When CEOs Sound Off
The CEO of Caterpillar recently spoke at Georgia State University’s World Affairs Council of Atlanta. Mr. Doug Oberhelman talked about the state of manufacturing in the US and America’s global competitive position. And just what insightful and informed tidbits did the head of one of the largest corporations in the country provide?
SPOILER ALERT: As you can imagine, all of the usual tired old bogeymen haunting today’s businessman were dragged out of the cupboard and paraded before the audience. Also on display was a degree of cluelessness that one should find disturbing in the CEO of a Fortune 500 company.
Mr. Oberhelman tells us that high taxes, over regulation and poor infrastructure are all hurting America’s competitive ability. But what really gets Mr. Oberhelman’s goat is entitlement spending. “I worry an awful lot about that,” the troubled CEO tells us. As well he should. It is easy to see how old people, infants, sick people, students, the unemployed, the under-employed, disabled veterans, and other “useless eaters,” (nutzlose Esser as one of the most evil regimes in all of human history referred to them as) all sucking at the government teat, would rightfully get under the skin of the CEO of the 42nd largest corporation in America.
(Author’s Note: To be fair to Mr. Oberhelman, when he spoke of being troubled by “entitlements” he very well could have been talking about the $ trillions that the Federal Reserve Bank made available to Wall Street as a reward for having engineered the worst financial crisis in 80 years, or he could have been referring to the $ trillions that have been given to the Military Industrial Complex by way of the illegal, undeclared and unfunded wars in Afghanistan and Iraq).
As for Mr. Oberhelman’s concern over high corporate taxes, this is completely understandable, considering the fact that in 2010, GE had profits of $14.2 billion and yet paid no US taxes (it actually claimed a tax benefit of $3.2 billion). Moreover, between 2002 and 2011, GE had an average Federal tax rate of 1.8%.
And just how much is Caterpillar being gouged by greedy Uncle Sam? According to CSIMarket, a financial information provider, Caterpillar’s most recent effective tax rate (third quarter 2013) was 24.58%. While I would like to say that this is scandalous, since it’s less than what my 70 year old retired Mother is currently paying in taxes, you’ll excuse me if I don’t cry.
Mr. Oberhelman then takes us on a trip down memory lane, back to the good old days of the 1970s, to a time when he fondly remembers the United States as having the lowest corporate tax rate of any major industrialized country in the world. Now, sadly, according to Mr. Oberhelman, the US has one of the highest tax rates in the world, almost double those of other competing nations.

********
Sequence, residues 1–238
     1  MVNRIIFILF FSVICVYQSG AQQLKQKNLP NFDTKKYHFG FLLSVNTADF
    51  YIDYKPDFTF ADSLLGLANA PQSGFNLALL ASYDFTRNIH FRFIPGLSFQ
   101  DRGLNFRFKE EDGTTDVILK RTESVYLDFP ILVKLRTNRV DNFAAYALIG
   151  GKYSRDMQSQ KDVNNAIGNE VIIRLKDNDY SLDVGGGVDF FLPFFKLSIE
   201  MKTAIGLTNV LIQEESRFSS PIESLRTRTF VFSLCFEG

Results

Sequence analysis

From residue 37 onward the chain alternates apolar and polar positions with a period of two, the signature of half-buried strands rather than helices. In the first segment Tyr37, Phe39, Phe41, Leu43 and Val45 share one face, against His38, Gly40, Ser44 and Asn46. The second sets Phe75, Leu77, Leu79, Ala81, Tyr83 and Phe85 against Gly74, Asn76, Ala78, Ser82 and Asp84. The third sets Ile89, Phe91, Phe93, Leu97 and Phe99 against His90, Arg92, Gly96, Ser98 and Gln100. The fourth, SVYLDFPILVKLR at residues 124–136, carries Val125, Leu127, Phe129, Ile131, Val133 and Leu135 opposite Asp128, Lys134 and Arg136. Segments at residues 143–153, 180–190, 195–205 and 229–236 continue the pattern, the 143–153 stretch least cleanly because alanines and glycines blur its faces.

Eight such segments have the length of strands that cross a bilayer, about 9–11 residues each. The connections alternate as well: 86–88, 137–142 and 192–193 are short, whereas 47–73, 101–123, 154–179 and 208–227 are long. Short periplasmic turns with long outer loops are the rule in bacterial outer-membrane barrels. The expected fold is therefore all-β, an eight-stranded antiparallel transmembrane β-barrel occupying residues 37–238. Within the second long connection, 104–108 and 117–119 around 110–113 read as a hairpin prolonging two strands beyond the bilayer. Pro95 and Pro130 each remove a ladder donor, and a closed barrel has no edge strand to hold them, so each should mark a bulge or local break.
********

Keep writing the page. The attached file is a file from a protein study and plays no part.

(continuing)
My apologies to the good CEO, but one has to ask, “Is that statement true?” Yes, on paper, US corporations face some of the highest taxes in the world. But the reality is somewhat different. According to the Government Accountability Office (GAO), large U.S. companies had an average effective Federal tax rate of 12.6% in 2010. A rate that is not unreasonable by any objective standard.
Mr. Oberhelman also complains about burdensome regulations. This is rich, coming from the CEO of a company that has a subsidiary that is currently under investigation by Federal prosecutors in California for environmental violations and other “alleged improper business practices.” Previously, in 2011, Caterpillar agreed to a $2.55 million settlement with the U.S. Environmental Protection Agency (EPA) and the U.S. Department of Justice (DOJ) over alleged Clean Air Act violations (the company was accused of shipping over 590,000 diesel engines without proper emissions controls and failing to comply with reporting and engine-labeling requirements). In another case, the Occupational Safety and Health Administration (OSHA) cited Caterpillar for safety violations (also in 2011), proposing a fine of $66,000. The company has also been accused of being complicit in human rights violations for providing the Israeli army with bulldozers, knowing full well that they would be used in the demolition of Palestinian homes. In 2003, American peace activist Rachel Corrie was killed by a Caterpillar D-9 military bulldozer. Her family sued the company in 2005.
It is easy to see why Mr. Oberhelman would want to get rid of pesky rules and burdensome oversight, just the kind of things that are holding back entrepreneurs like him.
He also decried the poor state of America’s infrastructure as another reason why the country is having problems competing globally. Here, I would have to agree. America is literally falling apart, with the American Society of Civil Engineers (ASCE) giving the country’s infrastructure a D+ rating.